Although “public health” is a state subject as per Entry 6 of the List II of the Second Schedule, the Centre is designing health policies and taking the majority of decisions, since covid-19 has been declared as a “national disaster”, the Union is using its vast powers under the ambit of National Disaster Management Act (NDMA).  It is not yet clear whether this vaccine policy will come under the scope of NDMA or the Ministry of Health and Family Welfare.

Nevertheless, it is incontestable that both Centre and the States have the same fundamental obligation to safeguard the health of the citizens. In this respect, there cannot be a difference between the Centre and States. Hence, by making the States compete in the open market for acquisition of vaccine doses, while the Union Government keeps an assured share for itself is discriminatory per se.

RIGHT TO EQUALITY

Right to Equality under Article 14[1] of the Indian Constitution guarantees equal rights for everyone. Article 14 states that “The State shall not deny to any person equality before the law or the equal protection of the laws within the territory of India.”  The basic concept of liberalism is to treat all citizens equally and Article 14 ensures the same to the citizens of India.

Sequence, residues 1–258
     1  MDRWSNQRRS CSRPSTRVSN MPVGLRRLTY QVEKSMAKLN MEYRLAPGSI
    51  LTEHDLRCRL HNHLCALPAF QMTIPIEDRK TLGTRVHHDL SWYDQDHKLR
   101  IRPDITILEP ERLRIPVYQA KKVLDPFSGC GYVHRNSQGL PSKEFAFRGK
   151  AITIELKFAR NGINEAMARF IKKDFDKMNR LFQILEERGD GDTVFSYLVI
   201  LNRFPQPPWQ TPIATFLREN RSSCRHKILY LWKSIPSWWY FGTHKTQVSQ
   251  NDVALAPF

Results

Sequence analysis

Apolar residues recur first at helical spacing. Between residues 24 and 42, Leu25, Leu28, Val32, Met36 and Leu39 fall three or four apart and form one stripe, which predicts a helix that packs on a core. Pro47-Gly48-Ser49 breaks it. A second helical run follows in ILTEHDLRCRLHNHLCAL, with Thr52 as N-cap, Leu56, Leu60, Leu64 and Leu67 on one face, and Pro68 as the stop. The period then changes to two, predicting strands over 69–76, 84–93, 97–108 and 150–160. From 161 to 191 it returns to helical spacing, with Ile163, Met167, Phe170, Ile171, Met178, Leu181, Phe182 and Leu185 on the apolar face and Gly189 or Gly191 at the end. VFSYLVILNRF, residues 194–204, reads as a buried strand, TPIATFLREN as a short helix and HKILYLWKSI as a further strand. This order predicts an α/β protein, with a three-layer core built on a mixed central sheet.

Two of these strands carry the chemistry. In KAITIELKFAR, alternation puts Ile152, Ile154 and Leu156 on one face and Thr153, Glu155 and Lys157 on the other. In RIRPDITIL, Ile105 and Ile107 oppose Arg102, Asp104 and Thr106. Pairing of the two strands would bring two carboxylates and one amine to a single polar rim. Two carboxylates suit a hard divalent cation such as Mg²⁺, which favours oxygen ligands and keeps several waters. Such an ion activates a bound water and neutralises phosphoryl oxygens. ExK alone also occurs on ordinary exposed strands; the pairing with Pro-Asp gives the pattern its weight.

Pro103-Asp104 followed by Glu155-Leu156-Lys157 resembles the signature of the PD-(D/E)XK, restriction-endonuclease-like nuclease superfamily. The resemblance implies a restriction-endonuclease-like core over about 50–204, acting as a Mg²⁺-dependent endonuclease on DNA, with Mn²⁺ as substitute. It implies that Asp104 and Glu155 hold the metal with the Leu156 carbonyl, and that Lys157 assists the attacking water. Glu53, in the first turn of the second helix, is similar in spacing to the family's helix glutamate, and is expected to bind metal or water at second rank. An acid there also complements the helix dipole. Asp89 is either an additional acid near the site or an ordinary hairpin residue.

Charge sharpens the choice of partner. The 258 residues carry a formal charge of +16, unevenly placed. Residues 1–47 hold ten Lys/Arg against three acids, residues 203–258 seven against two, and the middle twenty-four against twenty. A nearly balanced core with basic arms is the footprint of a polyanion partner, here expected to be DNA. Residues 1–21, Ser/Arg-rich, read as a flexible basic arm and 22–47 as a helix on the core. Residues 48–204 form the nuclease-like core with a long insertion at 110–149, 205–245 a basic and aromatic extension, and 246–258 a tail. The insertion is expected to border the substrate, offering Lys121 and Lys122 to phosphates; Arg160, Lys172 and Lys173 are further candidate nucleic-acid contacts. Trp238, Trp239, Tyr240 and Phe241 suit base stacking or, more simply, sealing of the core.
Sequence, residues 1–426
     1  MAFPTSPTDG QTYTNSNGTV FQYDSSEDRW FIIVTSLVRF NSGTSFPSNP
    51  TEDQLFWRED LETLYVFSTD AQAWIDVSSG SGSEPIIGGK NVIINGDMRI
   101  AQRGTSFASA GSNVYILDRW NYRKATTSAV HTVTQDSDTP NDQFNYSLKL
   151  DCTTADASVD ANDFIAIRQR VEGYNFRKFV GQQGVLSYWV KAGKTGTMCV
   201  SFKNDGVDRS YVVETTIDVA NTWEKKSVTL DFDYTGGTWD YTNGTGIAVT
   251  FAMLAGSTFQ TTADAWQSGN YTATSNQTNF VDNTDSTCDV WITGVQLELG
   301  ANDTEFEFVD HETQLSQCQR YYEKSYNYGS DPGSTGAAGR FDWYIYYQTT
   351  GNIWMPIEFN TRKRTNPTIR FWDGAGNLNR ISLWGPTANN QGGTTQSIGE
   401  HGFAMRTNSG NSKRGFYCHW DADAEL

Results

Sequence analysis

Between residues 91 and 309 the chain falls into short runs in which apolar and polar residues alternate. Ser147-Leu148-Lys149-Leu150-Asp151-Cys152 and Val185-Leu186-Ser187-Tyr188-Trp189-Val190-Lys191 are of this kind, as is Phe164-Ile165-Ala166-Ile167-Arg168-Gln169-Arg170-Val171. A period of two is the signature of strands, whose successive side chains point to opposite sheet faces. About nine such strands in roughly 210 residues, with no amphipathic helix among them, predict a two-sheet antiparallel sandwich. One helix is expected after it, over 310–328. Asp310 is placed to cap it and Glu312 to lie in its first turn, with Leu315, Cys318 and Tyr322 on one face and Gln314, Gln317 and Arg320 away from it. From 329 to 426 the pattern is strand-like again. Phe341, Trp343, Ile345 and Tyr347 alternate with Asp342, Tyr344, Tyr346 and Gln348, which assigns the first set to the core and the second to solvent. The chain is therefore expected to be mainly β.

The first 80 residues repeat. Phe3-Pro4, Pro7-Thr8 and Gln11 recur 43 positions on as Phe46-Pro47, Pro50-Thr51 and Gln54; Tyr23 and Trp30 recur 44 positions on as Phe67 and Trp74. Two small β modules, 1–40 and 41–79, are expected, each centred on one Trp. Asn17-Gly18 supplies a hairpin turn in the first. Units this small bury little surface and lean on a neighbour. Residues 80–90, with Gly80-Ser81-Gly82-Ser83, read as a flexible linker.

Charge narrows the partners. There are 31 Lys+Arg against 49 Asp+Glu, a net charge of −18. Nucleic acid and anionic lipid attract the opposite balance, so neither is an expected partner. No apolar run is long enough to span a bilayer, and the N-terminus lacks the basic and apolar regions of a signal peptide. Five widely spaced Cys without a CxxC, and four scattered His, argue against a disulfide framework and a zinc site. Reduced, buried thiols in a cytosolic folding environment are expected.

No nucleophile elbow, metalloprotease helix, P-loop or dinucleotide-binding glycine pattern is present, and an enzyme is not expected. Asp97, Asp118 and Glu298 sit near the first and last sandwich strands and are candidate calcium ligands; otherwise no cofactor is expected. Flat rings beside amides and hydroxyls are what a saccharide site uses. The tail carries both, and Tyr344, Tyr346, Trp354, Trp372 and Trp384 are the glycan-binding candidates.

In the present circumstances, this fundamental right has been curbed as the new vaccine policy breed inequality. There are two kinds of people in India in this covid era. First, those who are well-to-do and can manage to stay back and work from home. This will help in breaking the chain of infection to others. Second, who are blue-collar workers; laborers, vendors, small traders, and agriculturists. Since, their nature of work demands them being on the field or on the shop floor which makes them naturally prone to infect others. For this reason, society gains from first vaccinating the latter as they have a higher negative externality.  

However, the irony is that the section of people more susceptible to infecting others would also be low-income people, who cannot generally afford the vaccine. So, when the market is allowed to deliver vaccines, under such circumstances, those with higher incomes and even ready to pay more than what the private manufactures are currently charging will have a better access. The market will disregard the poor section of the society, despite them having a higher likelihood of spreading the virus. As a matter of fact, the higher the income gap between the two sections, the greater will be the extent of market failure from simultaneous oversupply and undersupply.